A guest post by Mark Sadowski
Simon Wren-Lewis is at it again:
While the reasons for the Great Recession may still be controversial, the major factor behind the second Eurozone recession is not: contractionary fiscal policy, in the core as well as the periphery. So this is something we really do know.
It is only because of the continuous issuance of preposterous statements like this by people who should know better, that the causes of the Great Recession are even controversial. Not only is this something we do not know, it is something that we know is not true.
The second Euro Area recession was clearly monetary in origin. The ECB raised the MRO rate from 1.0% to 1.25% in April 2011 and then to 1.5% in July. The six quarter second recession started the following quarter. The Euro Area was never near the zero lower bound in interest rates and the ECB chose to raise the policy rate in the face of projections that core inflation would remain below target and the output gap would remain high for at least the next two years.
The US makes a useful comparison. The Fed kept the fed funds rate near zero throughout 2010-2013 and elected to do a second round of QE in late 2010 to mid-2011 and to start a third round in late 2012. The ECB has yet to initiate even a single round of QE.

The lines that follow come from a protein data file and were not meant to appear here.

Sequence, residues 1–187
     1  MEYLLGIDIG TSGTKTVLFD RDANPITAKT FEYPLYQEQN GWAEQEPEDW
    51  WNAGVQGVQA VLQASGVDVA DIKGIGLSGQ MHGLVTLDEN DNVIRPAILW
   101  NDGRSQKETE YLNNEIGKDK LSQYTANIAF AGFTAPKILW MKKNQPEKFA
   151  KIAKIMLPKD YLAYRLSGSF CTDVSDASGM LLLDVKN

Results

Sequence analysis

According to the April 2014 IMF Fiscal Monitor the US increased its cyclically adjusted primary balance (CAPB) by 4.7% of potential GDP between 2010 and 2013 (bottom half Table 1.1 page 11):
The five core Euro Area nations that Simon Wren-Lewis considers (France, Netherlands, Belgium, Austria and Finland) increased their CAPB by a weighted average (according to 2010 nominal GDP) of 2.6% of potential GDP from 2010 to 2013. The GIIPS increased their CAPB by a weighted average of 5.0% of potential GDP from 2010 to 2013.
Between 2010 and 2013 nominal GDP (NGDP) increased by 12.3% in the US, by 6.2% in the core Euro Area nations and decreased by 1.8% in the GIIPS. Between 2010 and 2013 real GDP (RGDP) increased by 6.6% in the US, by 1.4% in the core Euro Area nations and decreased by 4.1% in the GIIPS.
It would have made absolutely no sense for any of the Euro Area nations to be doing fiscal stimulus when the ECB was nowhere near the zero lower bound and in fact raising the policy interest rates. Moreover the US economy has easily outperformed the economies of all of these countries in both nominal and real terms despite being at the zero lower bound in interest rates, and doing roughly the same amount of fiscal austerity as the GIIPS.
The one thing that the Great Recession, in tandem with the Great Depression, has made absolutely clear is that the liquidity trap is a myth promoted by those with a agenda no matter how much empirical evidence there is to the contrary.